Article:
Democrats said Mr. Obama was not happy with his performance and would improve in the upcoming debates.
The President went to California on Sunday for a two-day swing to raise millions of dollars from celebrities and wealthy donors.
Mr. Romney, campaigning in Florida, sought to build on the momentum from last week’s debate performance.
The Republican told a crowd of about 12,000 in Port St. Lucie that he had enjoyed himself, ticking off a list of Obama shortcomings he said he had exposed during the first debate.
“Now of course, days later, we’re hearing his excuses,” Mr. Romney said. “And next January we’ll be watching him leave the White House for the last time.”
Mr. Romney’s planned foreign policy address at VMI is aimed at throwing Mr. Obama on his heels over his handling of unrest in Libya and elsewhere.
Obama campaign spokesman Jennifer Psaki, dismissing what she called Mr. Romney’s fourth or fifth attempt to explain his global intentions, said the bar is high for Mr. Romney to convince voters he’s ready to be commander in chief.
“We are not going to be lectured by someone who’s been an unmitigated disaster on foreign policy every time he sticks his toe in the foreign policy waters,” Ms. Psaki said.
As Mr. Obama sought California cash, his surrogates took to the talk shows to pound the theme that Mr. Romney’s success in last week’s debate was propped up entirely by dishonesty.
The President “was a little taken aback at the brazenness with which Governor Romney walked away from so many of the positions on which he’s run, walked away from his record,” Mr. Axelrod said.
“That’s something we’re going to have to make an adjustment for in these subsequent debates.”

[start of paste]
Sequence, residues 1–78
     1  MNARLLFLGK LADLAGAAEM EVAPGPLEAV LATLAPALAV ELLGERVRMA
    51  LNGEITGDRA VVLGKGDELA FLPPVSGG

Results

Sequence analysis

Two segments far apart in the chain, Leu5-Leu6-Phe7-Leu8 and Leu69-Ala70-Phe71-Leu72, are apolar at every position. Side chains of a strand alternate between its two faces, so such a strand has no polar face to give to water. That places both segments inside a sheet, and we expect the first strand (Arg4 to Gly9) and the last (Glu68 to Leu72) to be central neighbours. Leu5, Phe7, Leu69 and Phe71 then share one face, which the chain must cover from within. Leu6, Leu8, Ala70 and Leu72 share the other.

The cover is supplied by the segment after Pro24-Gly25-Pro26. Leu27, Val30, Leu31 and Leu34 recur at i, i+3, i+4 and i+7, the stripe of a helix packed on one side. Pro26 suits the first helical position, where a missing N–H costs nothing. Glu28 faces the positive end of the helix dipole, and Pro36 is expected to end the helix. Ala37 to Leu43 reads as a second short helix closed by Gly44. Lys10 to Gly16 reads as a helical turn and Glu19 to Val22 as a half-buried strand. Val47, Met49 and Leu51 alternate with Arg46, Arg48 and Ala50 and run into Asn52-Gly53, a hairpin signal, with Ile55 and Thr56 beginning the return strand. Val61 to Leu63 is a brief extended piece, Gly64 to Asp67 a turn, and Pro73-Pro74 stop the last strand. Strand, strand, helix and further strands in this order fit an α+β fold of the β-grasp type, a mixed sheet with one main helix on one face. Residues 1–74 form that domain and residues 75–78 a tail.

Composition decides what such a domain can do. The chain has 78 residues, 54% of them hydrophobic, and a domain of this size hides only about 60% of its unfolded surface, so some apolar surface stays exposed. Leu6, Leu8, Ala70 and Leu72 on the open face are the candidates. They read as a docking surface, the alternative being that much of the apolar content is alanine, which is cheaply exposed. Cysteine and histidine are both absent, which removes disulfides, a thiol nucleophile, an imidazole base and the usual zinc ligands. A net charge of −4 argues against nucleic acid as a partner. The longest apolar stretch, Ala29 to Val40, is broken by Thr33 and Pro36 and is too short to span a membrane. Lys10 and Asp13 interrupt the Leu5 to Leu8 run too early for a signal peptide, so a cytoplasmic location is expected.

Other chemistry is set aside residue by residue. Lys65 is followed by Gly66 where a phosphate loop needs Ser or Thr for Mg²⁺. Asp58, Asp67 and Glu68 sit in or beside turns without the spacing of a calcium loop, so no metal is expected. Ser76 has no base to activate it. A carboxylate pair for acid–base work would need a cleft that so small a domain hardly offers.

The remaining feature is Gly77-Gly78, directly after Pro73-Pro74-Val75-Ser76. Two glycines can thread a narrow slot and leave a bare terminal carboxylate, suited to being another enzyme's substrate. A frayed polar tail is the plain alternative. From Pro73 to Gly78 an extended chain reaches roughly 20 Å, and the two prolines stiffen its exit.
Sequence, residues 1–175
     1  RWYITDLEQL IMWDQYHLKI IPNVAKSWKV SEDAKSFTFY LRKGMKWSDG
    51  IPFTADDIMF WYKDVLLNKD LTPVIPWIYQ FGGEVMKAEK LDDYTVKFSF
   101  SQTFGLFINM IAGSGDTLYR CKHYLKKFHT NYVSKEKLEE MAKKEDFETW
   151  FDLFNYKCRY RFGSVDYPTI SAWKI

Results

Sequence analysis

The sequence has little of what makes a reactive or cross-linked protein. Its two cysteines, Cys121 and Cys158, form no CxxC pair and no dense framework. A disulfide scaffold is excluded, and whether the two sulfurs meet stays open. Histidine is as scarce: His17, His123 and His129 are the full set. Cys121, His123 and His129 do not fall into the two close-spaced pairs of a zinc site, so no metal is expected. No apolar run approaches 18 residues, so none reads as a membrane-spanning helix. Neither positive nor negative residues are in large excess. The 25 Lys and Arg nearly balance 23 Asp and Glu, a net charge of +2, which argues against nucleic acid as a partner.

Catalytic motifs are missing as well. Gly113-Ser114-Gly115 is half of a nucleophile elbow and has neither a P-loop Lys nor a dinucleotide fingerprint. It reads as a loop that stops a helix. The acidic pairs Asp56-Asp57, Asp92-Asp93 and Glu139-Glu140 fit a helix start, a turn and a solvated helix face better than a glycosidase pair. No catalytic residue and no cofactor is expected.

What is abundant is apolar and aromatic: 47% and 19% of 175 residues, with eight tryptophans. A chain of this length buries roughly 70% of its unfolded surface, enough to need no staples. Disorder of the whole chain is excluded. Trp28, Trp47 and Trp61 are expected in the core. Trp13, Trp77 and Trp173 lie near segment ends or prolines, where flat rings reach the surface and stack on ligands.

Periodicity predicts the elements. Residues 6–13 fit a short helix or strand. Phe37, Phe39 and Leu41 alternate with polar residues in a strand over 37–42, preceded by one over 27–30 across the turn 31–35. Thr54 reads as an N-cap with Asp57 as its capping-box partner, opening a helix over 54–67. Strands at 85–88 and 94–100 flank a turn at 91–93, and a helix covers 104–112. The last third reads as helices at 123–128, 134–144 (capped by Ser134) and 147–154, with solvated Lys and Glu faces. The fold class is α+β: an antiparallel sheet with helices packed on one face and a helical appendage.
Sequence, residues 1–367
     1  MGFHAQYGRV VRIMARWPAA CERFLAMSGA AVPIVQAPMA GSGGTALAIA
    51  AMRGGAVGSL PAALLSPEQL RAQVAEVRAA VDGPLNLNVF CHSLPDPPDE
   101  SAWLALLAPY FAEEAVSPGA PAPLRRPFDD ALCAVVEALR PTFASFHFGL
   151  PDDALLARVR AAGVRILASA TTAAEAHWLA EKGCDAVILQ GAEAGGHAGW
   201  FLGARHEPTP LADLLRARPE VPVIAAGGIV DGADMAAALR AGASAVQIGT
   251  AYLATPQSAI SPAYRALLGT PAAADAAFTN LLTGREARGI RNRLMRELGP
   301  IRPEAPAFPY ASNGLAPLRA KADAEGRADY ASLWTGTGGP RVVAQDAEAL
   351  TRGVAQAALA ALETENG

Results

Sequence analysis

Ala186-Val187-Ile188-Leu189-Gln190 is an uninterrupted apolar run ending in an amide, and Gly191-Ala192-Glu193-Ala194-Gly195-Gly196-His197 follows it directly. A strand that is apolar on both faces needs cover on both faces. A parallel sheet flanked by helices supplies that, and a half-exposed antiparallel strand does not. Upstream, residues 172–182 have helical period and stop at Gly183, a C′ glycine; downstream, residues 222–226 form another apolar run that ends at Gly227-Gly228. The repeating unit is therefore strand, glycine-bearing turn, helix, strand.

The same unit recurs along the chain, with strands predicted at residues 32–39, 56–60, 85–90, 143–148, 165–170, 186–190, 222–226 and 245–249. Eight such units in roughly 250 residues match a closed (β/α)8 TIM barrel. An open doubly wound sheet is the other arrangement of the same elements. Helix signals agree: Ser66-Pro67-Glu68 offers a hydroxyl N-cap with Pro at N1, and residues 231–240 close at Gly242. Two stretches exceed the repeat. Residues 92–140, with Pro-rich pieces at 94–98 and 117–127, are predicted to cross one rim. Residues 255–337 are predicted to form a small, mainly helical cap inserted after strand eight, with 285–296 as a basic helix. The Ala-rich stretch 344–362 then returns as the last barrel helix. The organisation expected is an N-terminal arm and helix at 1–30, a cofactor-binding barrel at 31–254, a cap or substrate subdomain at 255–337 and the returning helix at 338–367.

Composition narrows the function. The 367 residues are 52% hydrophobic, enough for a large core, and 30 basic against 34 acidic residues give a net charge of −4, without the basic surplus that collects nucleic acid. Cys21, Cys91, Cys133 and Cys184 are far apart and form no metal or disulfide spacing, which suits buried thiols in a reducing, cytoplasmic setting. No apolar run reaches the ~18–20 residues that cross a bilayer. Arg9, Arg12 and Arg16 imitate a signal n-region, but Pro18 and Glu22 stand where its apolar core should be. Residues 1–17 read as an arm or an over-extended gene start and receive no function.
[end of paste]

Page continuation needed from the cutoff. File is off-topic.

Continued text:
At the same time, Ann Romney tried to soften her husband’s image, a frequent refrain as the Romney camp seeks to broaden his support among centrist voters.
Introducing her husband Sunday, she called him “a good and decent person” who had helped others throughout his life. “Now we’re going to get a chance for him to really care for others, because we’re going to have the chance to see him get people back to work again,” she said.
A Reuters/Ipsos poll released Sunday indicated Mr. Romney stayed within striking distance of Mr. Obama, 2 points behind the Democrat for the third day.
The online survey found 47 percent of likely voters said they would vote for Mr. Obama and 45 percent for Mr. Romney if the Nov. 6 election were held now.
That total reflects an improvement by the Republican, who had trailed Mr. Obama by 6 points in the same daily poll going into the debate.
In Sunday’s poll, 8 percent of registered voters said they already had voted early in person or by absentee ballot, while 84 percent said they had “definitely” decided which candidate would get their vote, leaving only 16 percent saying they may change their mind.
The Reuters/Ipsos poll was conducted Oct. 3-7. The poll interviewed 1,745 registered voters and 1,490 likely voters.